I am the happiest person I've ever met. I do not mean that in an egotistical sense at all. I've just never met anybody, except for Master Fwap, of course, who seems to be able to deal with the sadness of life with such optimism. This is what Buddhist Yoga and a healthy dose of reading the Declaration of the Independence, The Constitution and the Federalist Papers and anything else I could get my hands on has given me.

I would like to thank you all very much tonight for this time we have spent together, and particularly I would like to thank my typist whose fingers have more stamina than the human mind can comprehend. I hope you enjoy SURFING THE HIMALAYAS and my albums, ENLIGHTENMENT, CANYONS OF LIGHT and ECOLOGIE.

Since most of the software I sell runs on mainframes and supercomputers, and is used by multinational corporations and governments, you may not get to see that, but if I have done it properly, hopefully it will make the events in your life transpire more smoothly. And give the operators of those computers a heck of a lot better day than they usually have.

Again, thank you.
Host: I'm going to open the floor now to all speakers. First, though, thank YOU, Dr. Lenz, and thanks to all of you for coming!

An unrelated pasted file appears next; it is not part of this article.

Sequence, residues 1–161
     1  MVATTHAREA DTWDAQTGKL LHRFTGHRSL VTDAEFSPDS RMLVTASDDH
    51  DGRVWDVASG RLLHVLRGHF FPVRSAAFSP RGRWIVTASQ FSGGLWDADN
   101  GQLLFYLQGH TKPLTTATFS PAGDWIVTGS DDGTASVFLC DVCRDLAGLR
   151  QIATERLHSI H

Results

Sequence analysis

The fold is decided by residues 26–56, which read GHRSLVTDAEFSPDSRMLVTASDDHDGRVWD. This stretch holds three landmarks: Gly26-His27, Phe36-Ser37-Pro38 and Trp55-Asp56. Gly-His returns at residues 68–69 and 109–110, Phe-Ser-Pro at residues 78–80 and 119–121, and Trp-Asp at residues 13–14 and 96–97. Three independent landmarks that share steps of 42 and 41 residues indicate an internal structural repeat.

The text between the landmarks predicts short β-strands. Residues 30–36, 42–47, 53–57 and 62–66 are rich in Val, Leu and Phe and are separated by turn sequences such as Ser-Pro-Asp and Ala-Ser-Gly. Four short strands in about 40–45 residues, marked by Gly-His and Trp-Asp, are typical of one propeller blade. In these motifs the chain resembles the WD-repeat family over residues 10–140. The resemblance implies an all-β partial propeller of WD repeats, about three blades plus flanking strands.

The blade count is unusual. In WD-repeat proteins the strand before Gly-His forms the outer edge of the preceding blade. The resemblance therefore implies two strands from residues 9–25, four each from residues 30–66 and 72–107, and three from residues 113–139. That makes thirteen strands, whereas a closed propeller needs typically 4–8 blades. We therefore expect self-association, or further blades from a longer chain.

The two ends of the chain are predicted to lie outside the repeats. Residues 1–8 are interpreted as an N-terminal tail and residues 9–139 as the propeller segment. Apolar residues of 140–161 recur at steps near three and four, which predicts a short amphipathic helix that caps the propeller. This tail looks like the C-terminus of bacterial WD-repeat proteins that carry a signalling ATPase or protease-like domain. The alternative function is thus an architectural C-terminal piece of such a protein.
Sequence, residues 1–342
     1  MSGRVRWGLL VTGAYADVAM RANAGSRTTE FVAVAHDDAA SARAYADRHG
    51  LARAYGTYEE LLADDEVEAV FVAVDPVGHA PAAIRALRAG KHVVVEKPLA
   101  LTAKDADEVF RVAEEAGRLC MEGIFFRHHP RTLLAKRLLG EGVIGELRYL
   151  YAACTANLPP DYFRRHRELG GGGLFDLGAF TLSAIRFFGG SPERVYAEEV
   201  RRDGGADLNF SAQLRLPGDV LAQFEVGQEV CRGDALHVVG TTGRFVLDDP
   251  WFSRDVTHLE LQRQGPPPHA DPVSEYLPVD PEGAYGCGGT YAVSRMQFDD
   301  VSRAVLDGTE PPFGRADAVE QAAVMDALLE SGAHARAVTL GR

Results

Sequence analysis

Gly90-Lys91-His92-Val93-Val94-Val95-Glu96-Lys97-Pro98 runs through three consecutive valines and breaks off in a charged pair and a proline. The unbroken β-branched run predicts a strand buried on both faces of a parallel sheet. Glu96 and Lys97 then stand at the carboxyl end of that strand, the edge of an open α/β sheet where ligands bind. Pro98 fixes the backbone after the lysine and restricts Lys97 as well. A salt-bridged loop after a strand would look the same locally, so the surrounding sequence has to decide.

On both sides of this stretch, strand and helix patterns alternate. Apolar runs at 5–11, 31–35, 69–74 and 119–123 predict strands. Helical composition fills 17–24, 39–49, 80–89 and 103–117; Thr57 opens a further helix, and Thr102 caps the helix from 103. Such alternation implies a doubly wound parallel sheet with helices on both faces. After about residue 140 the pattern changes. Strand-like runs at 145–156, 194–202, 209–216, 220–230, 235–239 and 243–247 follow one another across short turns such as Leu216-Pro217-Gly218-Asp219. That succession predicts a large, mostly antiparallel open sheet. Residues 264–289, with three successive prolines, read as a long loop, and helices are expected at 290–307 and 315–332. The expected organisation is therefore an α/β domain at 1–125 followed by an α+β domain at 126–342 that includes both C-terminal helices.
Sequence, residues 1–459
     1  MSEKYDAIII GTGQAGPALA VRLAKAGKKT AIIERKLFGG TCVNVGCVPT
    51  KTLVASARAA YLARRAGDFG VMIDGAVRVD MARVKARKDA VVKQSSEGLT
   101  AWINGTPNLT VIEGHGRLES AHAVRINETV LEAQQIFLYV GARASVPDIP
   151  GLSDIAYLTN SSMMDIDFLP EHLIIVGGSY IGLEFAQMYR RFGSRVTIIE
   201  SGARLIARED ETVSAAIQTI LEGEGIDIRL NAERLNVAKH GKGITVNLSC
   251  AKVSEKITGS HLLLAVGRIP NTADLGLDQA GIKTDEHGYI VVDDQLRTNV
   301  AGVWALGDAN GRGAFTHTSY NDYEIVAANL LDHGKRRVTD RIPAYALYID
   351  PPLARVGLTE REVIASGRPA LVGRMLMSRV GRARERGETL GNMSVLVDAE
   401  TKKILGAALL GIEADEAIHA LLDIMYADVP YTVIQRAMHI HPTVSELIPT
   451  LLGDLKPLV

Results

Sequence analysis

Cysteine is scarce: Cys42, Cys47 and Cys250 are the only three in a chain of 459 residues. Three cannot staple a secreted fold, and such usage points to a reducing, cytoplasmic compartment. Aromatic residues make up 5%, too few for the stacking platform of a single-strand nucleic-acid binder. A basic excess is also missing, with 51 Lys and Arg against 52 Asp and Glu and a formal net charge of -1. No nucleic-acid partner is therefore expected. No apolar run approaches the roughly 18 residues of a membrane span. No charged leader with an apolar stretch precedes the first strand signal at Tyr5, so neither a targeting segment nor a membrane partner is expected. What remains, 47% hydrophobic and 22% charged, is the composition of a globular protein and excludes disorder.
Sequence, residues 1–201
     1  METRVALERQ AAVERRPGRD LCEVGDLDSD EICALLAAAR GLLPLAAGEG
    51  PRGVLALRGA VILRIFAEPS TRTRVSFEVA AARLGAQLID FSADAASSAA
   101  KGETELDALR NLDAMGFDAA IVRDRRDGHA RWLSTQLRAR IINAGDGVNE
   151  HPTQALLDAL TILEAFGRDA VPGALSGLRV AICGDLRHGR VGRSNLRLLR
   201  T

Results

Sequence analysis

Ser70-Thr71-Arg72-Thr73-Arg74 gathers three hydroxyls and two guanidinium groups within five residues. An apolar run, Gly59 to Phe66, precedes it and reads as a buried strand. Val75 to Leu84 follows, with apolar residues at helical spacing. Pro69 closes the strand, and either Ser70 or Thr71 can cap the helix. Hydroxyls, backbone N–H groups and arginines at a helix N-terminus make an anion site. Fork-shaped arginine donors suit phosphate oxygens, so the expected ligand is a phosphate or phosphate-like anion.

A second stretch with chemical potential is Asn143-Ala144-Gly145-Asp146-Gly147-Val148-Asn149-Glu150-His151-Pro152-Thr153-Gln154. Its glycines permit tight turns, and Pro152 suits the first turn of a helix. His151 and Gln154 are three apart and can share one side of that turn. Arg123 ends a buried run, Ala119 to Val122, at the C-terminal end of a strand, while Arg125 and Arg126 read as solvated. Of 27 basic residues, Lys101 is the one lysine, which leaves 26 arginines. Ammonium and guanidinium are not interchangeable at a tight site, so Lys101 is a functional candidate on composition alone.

Willy: Thank you, Dr. Lenz!
Steve: Thanks.
Jen: Ditto Thank You !!!
Grnwich White Beltz: Thanks from the Greenwich White Beltz!!!
fleur: Merci!
A,F&B in CT: Thank you so much, Dr. Lenz
William: Thank you, Rama.
Peggy: Thanks! This has been a wonderful evening!
David: Many thanks!!!
hdove: I just want to thank you for an illuminating talk!
Ruth: With much, much appreciation! Thank you.
TLB: I'm sorry, I really wanted to, but I don't buy it. I will go back and read the book which I bought but I basically don't buy it.
Deanna: Thank you, Rama!
Andre: Thank you very much, Rama. Take care.
Simcha: Thanks for a beautiful meditation!
Bill: Was this a Rendezvous with Rama?
Willy: TLB: It's not real easy to buy at first. But it makes a lot more sense as time goes on and the ideas settle.
Elka: Thank you Rama.
William: Thanks Rama, that was wicked cool.